As an emboldened China sees, the American dollar is gravely wounded. And the days of US political supremacy are numbered
We have entered one of those rare historical periods that is characterised by a shift in global hegemony from one great power to another. The last such was between 1931 and 1945, and marked the end of Britain’s financial ascendancy and its replacement by that of the United States. It might be argued that the cold war represented a similar period, but that is a fallacy: the cold war was an ideological struggle between two powers that were always hopelessly ill-matched. This new period is marked by the rise of China and the decline of the US. Arguably the process started around a decade ago, but at that stage it was barely noticed, such was the west’s preoccupation with 9/11 and its after-effects. Indeed, the Bush administration was thinking in exactly the opposite terms: that the world was entering a golden age of American global power.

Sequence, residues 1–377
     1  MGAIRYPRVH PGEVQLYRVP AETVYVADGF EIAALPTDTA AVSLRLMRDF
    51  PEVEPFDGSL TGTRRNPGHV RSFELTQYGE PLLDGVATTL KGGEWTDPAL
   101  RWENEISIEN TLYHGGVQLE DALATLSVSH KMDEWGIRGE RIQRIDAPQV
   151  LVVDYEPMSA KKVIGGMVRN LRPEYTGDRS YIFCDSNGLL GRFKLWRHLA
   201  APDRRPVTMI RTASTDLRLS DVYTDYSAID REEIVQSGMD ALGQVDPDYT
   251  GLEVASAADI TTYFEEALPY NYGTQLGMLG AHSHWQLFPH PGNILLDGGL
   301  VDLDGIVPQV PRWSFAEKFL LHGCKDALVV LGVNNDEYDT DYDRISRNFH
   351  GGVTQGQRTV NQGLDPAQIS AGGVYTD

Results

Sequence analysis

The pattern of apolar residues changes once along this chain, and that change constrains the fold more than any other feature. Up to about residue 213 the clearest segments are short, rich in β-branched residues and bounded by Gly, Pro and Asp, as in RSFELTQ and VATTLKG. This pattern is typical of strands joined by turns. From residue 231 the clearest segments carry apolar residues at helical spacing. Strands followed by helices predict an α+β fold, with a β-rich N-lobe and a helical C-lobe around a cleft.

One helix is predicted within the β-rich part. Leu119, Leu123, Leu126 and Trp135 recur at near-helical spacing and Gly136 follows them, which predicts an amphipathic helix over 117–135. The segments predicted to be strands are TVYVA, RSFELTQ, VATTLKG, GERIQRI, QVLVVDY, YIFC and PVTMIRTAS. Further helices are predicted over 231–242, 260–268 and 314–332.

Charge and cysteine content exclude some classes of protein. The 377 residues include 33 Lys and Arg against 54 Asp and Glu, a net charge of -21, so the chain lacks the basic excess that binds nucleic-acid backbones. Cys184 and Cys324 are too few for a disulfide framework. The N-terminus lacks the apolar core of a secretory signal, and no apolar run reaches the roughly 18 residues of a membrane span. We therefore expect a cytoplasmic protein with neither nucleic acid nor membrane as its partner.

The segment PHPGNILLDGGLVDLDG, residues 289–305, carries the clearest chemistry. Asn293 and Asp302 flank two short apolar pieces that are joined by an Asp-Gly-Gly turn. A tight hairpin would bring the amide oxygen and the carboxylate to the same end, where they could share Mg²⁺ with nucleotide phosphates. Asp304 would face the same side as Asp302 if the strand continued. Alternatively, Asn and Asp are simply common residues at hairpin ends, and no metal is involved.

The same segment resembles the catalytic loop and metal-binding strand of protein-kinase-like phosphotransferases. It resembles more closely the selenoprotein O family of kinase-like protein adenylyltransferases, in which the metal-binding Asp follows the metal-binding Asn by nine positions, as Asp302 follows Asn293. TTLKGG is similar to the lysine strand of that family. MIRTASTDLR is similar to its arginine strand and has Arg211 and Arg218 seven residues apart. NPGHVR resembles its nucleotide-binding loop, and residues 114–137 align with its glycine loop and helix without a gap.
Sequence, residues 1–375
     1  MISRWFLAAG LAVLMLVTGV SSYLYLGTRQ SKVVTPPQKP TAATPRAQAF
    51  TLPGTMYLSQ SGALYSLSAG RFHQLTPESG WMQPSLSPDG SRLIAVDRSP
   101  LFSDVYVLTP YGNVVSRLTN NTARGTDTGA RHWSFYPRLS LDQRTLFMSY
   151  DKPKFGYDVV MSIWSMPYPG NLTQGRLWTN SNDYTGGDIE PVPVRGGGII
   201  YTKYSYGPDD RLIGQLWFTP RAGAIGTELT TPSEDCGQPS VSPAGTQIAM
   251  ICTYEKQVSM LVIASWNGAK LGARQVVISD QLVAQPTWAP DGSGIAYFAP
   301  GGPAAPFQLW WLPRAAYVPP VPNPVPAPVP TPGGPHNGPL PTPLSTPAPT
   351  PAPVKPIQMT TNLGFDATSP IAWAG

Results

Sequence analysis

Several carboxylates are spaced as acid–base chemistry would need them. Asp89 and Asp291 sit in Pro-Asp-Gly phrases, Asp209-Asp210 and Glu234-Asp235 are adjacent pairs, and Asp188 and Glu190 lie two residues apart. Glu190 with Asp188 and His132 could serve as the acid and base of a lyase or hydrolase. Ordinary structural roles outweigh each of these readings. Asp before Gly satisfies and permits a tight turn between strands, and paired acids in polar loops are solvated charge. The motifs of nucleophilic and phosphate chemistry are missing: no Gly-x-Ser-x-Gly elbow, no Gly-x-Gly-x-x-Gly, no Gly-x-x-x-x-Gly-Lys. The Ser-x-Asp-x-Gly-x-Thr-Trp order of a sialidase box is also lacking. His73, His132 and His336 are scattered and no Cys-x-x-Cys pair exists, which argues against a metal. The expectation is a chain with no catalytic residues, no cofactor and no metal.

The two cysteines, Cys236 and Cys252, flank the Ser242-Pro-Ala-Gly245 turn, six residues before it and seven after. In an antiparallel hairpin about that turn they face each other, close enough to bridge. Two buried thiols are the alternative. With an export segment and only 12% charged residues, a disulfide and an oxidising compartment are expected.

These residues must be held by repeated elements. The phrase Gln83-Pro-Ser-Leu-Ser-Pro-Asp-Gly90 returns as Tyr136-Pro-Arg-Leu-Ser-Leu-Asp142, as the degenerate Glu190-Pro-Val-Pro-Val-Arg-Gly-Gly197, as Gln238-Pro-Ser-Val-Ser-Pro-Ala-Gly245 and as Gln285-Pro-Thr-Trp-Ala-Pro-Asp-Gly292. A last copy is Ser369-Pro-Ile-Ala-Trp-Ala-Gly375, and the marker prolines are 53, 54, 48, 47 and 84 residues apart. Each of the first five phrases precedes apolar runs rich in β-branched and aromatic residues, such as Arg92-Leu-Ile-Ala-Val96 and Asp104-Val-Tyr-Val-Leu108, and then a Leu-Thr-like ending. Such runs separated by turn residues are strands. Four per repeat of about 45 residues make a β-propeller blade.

It is more appropriate, however, to date the beginning of the new era from 2008. First, the election of Barack Obama signalled a recognition by the US of the limitations of its own power and the need for it to co-operate with other nations. Second, China has reached a point where it is now clearly prepared, on the basis of the advances of the last three decades, to assume a more active global role. And third, the onset of the global financial crisis provides the context for the decline of American economic power and illustrates the extent to which it has become dependent on China for the continuation of its global financial hegemony.